It’s been a long time since I’ve written anything about anything for this site. I’ve a lot of ground to cover. With such a backlog of bookish thoughts to share, I could at this point wax lyrical about Meg Mason’s Sorrow and Bliss, but Kate @ Booksaremyavouriteandbest has already done it and far better than I can. I could offer a luke-warm appraisal of The Dictionary of Lost Words, but I’ve decided I’m no longer up for reviewing books that I didn’t love. I could sing with excitement about Richard Flanagan’s new book The Living Sea of Waking Dreams, but he has the whole Penguin Random House orchestra behind him and doesn’t need me to add to the chorus.
So instead, I’m offering up a delightful book called The Way Through The Woods by Long Lit Woon (translated from Norwegian by Barbara J. Haveland).
I heard about this book during our first lockdown, thanks to the sterling work of our local librarians who, committed to their largely unrecognised role as community superglue, kept our spirits up with videos and reviews and photos of baby chicks. The Way Through The Woods featured in one of their reviews.
The books starts with the revelation that Woon’s husband of 32 years went to work one day and never came home — he died suddenly, leaving her to manage her infinite grief. It’s a scenario that can only make us shudder.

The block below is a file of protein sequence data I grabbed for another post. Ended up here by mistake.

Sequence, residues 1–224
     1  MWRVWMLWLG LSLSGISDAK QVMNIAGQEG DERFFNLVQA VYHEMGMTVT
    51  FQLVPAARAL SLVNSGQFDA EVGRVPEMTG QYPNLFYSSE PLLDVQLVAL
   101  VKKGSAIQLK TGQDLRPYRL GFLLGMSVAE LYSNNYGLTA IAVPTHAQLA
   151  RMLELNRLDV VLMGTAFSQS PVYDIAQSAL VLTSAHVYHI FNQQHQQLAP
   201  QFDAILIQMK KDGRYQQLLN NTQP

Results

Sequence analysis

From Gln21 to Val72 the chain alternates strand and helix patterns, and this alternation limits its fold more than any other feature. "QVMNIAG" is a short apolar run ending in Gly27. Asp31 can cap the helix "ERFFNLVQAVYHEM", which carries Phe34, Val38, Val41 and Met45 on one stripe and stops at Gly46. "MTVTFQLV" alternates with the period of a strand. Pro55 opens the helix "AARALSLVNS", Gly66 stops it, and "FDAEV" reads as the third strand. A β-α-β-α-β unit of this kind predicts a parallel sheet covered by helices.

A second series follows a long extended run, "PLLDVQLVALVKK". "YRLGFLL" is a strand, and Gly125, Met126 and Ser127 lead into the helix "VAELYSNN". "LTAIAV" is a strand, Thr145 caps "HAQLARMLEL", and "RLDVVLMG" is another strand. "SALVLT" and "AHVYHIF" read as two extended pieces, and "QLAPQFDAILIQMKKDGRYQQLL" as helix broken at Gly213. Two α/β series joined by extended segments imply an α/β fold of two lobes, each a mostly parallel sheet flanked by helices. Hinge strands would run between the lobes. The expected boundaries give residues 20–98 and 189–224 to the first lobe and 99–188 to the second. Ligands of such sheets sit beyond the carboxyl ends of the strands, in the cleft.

And yet, from this starting point, Woon carves out a book that surprises and delights. It’s a narrative of journeying through grief and arriving at an awakening. We follow her from her enrolment in a beginner’s course in mushrooms, which she originally intended to do with her husband, to her passing the mushroom inspectors exam run by the Norwegian Mycological Association.
As she says:
My discovery of the realm of fungi steadily nudged me out of the tunnel of grief … Only later did it dawn on me that mushrooms had been my rescue in my hour of need, and that seemingly unrelated subjects such as mushrooms and mourning can, in fact, be connected.
While her grief is the backdrop, it absolutely doesn’t dominate because despite being a memoir, Long herself doesn’t take centre stage, mushrooms do. She opens up the fascinating world of fungi in an accessible and thought-provoking way. For instance, she illustrates how different countries prize different mushrooms, indicating the extent to which taste is culturally determined as is, it appears, whether a mushroom is deemed toxic or not. She gently paints a portrait of the average mushroom hunter — namely they’re very, very secretive about their favourite hunting grounds. And all of this is wrapped up in playful observations.
I’ve asked myself whether you need to love fungi to enjoy this book. I don’t think you need to be a mycophile, but equally, you really don’t want to be a mycophobe. Some interest in mushrooms and a little bit of awe about this incredibly complex part of nature will be enough to keep you reading. It’s a simple and gentle book and therefore a wonderful antidote for 2020.